Foreign investments in Argentina: legal framework and basics

Foreign investments in Argentina are constitutionally protected since the Article Number 20 of the National Constitution (Constitución Nacional, or CN by its Spanish acronym) grants foreigners the same treatment than Argentine citizens. Further, under Article Number 75, Sub-article Number 22, of the CN, the international treaties in force protecting foreign investments in Argentina have a higher hierarchy than laws.

From the infra-constitutional and statutory legal standpoint, foreign investments in Argentina are specifically governed by Foreign Investment Law Number 21,382, as amended (Ley de Inversiones Extranjeras, or LIE by its Spanish Acronym), and the Decree Number 1,853/93. Under this basic legal framework:

  1. Foreign individuals and companies may use any legal vehicle allowed for under Argentine law to invest and do business in Argentina. No national partner is required[1];
  2. No prior approval is required, save when antitrust law applies to a certain transaction;
  3. No restrictions are in force, except for certain regulated activities[2] and specific transactions[3];
  4. Foreign companies may access to the domestic credit in the same conditions than those controlled by national citizens;
  5. Payment of dividends abroad and repatriation of the investment may be carried out without any limits.

It is also worth noting that the foreign exchange market is free. No restriction on the inflows or outflows of foreign currency is in place. Former regulations limiting payments abroad, or obliging to settle in the foreign exchange market the proceeds from export[4] of products or services have been lifted.

As far as the business organization is concerned, a new legal vehicle, the simplified corporation, has been created, providing a fast-track incorporation procedure, and many advantages for foreign individuals and companies wishing to do business in Argentina[5].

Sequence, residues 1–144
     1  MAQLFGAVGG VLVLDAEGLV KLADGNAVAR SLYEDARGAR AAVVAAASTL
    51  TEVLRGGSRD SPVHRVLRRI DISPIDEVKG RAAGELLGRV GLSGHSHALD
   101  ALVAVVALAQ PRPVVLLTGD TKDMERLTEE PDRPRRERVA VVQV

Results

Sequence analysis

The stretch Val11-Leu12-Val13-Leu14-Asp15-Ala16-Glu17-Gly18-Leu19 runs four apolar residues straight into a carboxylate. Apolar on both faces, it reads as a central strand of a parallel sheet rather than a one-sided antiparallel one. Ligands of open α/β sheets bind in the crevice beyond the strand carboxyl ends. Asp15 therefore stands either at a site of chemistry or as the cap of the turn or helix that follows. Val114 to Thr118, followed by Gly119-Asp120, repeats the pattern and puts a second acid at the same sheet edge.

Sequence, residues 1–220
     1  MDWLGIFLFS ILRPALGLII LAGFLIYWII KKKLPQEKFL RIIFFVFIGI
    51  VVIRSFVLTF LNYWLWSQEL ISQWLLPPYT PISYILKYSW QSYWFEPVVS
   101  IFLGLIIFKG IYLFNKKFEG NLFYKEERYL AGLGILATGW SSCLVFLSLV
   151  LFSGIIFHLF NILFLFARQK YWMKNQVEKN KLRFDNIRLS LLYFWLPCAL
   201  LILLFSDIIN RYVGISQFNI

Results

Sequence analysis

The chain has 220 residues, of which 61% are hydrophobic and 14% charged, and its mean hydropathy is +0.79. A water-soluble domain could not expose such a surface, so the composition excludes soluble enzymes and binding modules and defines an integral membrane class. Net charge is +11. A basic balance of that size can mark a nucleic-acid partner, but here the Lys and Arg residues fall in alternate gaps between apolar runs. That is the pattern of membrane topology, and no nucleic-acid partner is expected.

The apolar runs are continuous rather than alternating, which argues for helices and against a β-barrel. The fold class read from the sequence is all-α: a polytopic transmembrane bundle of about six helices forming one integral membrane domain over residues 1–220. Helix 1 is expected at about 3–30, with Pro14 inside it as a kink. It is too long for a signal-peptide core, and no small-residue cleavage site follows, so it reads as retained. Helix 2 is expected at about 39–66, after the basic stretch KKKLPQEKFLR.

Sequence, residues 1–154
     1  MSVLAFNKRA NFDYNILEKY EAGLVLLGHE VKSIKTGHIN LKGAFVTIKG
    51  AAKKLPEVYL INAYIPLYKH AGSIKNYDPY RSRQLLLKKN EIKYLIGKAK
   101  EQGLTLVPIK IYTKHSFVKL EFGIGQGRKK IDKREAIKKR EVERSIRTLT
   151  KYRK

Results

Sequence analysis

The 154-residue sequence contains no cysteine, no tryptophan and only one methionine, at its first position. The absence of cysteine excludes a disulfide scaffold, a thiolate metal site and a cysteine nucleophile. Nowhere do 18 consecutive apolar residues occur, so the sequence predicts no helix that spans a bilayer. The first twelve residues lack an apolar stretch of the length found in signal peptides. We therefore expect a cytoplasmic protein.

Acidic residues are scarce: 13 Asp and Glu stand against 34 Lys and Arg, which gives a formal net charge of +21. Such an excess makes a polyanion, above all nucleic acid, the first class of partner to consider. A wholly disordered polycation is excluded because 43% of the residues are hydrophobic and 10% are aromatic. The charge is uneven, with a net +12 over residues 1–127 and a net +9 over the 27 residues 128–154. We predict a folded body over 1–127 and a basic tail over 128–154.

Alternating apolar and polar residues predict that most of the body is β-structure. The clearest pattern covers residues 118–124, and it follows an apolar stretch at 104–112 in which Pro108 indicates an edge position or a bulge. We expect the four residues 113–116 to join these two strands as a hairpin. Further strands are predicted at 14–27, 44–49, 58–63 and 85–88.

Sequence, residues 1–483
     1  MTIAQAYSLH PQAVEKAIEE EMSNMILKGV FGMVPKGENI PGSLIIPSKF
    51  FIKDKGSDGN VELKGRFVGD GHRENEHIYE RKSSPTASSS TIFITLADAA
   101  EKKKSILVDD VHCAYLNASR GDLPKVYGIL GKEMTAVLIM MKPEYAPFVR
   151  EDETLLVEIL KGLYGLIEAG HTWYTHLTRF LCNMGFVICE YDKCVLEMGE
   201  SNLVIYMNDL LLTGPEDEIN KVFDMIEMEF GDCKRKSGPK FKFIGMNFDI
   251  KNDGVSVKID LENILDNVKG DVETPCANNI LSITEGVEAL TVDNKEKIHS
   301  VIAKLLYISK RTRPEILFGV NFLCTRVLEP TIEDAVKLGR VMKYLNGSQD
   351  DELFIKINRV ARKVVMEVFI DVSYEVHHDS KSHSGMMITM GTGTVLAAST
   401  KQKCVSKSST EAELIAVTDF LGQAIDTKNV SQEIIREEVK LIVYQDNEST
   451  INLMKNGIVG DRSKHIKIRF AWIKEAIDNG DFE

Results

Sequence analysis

To sum up, the new administration that took office in December 2,015 is striving for providing a business-friendly legal environment, removing obstacles and giving transparency and certainties to attract the investment the economy needs.

For additional information on these or any other issues related to doing business in Argentina, please, sign up for our Legal Blog or contact us at any time.

Mario E. Castro Sammartino

[1] To set up a subsidiary in Argentina, or acquire a participation in an existing locally incorporated company, foreign companies must first register themselves before the Public Registry and file certain documents evidencing the decision to operate in Argentina, and its economic significance and decision making location outside of the country.

[2] E.g., audiovisual media services.

[3] E.g., purchasing land in rural or border security areas.

[4] Decree Number 893/2017 repealed the exporter´s obligation to repatriate and settle for pesos in the domestic exchange market foreign currency proceeds derived from the export of goods.

[5] The possibility of being set up with a single shareholder, highly customizable by-laws, only a manager has to reside in Argentina, crowdfunding, etc. To know more about simplified corporations, please, visit our Legal Blog:

Our publications exclusively express the author´s opinion and do not purport to be legal counsel on any case. Should you need it, you must consult with your trusted lawyer or may contact us at your convenience. If you liked the article, please, share it.


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